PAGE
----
Stop it.

  10. Ronnie says:

    *thunderous applause for the Harry Potter reference*

  11. ZK says:

    "Dol Umbridge" should be a hint, guys. I suggest researching her previous employment in the educational and government sector before commenting.

  12. princessartemis says:

    Those who say there are no guns in Minecraft haven't seen what modders can do.

  13. Dangerboy says:

    Brilliant, and though parody, entirely too prophetic. I imagine myself using wreckingball diplomacy on Little Danger's school system at some point.

  14. Lizard says:

    They have a new school district spokesperson every year. It's like the job is cursed, or something.

  15. RogerX says:

    stakkalee: I stand corrected. Clealry I will not be along in calling for an urgent an immediate ban of Minecraft amongst school-age children before they begin bringing deadly chickens to school en masse to launch at their teachers.

    We must end this awful Chicken-Launching menace NOW.

  16. Mike says:

    Umbridge sounds just like the Happy Potter character of the same name.

  17. RogerX says:

    I think eddie missed the snark / satire here. He went full SRS BSNS

  18. Zack says:

    Poe's Law in full effect. Took me 90% of the article to determine it was satire because we've all seen crap almost exactly like this before, from pop-tart gun suspensions to rules against any contact at all in schools.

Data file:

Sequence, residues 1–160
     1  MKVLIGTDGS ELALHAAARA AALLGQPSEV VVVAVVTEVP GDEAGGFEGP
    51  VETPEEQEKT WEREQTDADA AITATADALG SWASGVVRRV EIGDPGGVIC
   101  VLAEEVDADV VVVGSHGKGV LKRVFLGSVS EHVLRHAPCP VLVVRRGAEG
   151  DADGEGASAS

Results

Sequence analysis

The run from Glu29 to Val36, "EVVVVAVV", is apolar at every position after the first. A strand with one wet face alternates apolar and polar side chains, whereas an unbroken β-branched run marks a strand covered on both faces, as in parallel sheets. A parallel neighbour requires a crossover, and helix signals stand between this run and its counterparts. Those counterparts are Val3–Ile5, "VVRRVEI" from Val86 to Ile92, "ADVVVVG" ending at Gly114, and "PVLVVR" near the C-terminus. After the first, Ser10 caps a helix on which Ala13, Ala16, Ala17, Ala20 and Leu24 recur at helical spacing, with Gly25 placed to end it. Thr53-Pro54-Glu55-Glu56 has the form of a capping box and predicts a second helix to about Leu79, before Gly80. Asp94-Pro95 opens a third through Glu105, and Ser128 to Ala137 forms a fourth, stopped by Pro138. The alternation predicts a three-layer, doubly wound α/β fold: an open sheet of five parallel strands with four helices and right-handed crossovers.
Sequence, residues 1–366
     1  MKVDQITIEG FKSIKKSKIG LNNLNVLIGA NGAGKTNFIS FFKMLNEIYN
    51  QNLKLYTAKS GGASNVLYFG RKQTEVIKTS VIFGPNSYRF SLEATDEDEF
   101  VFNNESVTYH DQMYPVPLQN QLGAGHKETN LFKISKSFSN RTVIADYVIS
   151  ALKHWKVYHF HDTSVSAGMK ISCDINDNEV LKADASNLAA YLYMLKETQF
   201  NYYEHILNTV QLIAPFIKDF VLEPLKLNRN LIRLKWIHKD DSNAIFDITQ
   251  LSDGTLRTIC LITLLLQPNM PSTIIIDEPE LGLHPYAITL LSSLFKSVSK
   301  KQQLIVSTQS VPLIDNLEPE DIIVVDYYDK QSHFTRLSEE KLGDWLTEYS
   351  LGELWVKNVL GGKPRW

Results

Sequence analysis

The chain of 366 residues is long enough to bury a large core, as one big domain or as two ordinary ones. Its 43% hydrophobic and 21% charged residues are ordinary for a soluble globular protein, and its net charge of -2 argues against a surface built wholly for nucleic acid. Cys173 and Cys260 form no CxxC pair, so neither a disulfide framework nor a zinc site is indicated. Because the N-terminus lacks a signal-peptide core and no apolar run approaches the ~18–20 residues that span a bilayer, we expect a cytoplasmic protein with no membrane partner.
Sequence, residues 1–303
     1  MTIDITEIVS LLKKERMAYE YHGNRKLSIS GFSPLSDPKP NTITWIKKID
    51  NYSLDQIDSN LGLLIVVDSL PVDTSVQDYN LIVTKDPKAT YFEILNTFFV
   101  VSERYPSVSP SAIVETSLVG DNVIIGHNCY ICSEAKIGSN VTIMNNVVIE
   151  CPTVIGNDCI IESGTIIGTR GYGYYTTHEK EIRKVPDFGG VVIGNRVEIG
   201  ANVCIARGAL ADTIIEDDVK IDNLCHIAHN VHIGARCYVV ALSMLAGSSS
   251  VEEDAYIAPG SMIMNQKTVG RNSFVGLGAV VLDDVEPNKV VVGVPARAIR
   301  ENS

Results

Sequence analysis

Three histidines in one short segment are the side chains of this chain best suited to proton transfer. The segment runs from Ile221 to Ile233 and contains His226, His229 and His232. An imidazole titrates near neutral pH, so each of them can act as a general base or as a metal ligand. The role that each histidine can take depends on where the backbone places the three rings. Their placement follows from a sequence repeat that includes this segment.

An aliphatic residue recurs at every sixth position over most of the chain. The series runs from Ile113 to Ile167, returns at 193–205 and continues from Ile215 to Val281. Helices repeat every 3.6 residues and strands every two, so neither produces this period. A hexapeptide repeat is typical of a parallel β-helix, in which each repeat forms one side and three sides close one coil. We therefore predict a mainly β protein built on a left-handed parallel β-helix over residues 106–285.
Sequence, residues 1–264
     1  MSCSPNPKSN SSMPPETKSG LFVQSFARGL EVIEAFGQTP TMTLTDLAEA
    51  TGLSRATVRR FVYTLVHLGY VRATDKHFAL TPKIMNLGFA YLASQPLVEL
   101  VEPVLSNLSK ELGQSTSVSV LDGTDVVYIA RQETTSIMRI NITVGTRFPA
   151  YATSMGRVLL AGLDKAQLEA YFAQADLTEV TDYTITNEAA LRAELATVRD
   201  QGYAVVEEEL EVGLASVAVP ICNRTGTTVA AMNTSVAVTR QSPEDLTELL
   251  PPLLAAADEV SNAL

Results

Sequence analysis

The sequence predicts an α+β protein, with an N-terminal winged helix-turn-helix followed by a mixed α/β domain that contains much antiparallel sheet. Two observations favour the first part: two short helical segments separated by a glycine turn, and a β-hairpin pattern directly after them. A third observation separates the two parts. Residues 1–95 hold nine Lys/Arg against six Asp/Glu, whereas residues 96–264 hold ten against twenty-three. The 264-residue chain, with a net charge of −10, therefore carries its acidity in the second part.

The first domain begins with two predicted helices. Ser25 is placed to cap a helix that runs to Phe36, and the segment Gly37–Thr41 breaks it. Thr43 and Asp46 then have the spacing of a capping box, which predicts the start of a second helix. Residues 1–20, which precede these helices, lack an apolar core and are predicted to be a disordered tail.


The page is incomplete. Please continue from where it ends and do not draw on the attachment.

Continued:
19. eddie says:

    @RogerX:

    I think eddie missed the snark / satire here.

    Did I?

    "This snark is entirely unjustified."

    Huh. I guess I didn't. I think it's possible you may have missed the point of my comment, though.

  20. Xenocles says:

    According to several notable books, if you imagine something it becomes real somewhere. This is a wise precaution.

  21. Ken White says:

    You know nothing about this man's approach to childrearing,

    I know his household leaves ammunition and a non-operative (according to him) but real handgun where his child can get them and use them unsupervised.

  22. eddie says:

    … and what does that have to do with whether the father is "blaming Minecraft" or whether he is failing to teach his children the difference between fantasy and reality?

    Which is what you've accused him of. Without evidence.

  23. eddie says:

    .. but, fair point. That's not nothing. I retract my statement and revise it thusly:

    "You know almost nothing about this man's approach to childrearing"

  24. Ken White says:

    Eddie:

    Okay. But, in fact, the school didn't stake a kid at Halloween, either.

    What I know about the father is this: when his kid took items to school, some of which suggest he does not practice good firearms safety, he reacted by saying the kid was acting out a video game. In the context, that suggests to me he was excusing the kid's conduct and placing implicit blame on the video game.

    Your interpretation may differ.

  25. ketchup says:

    Evidently some of those commenting here missed the in-service training on how to tell "real" blog stories from satire.

  26. Lizard says:

    This snark is entirely unjustified.

    Those words make no sense in that order.

  27. eddie says: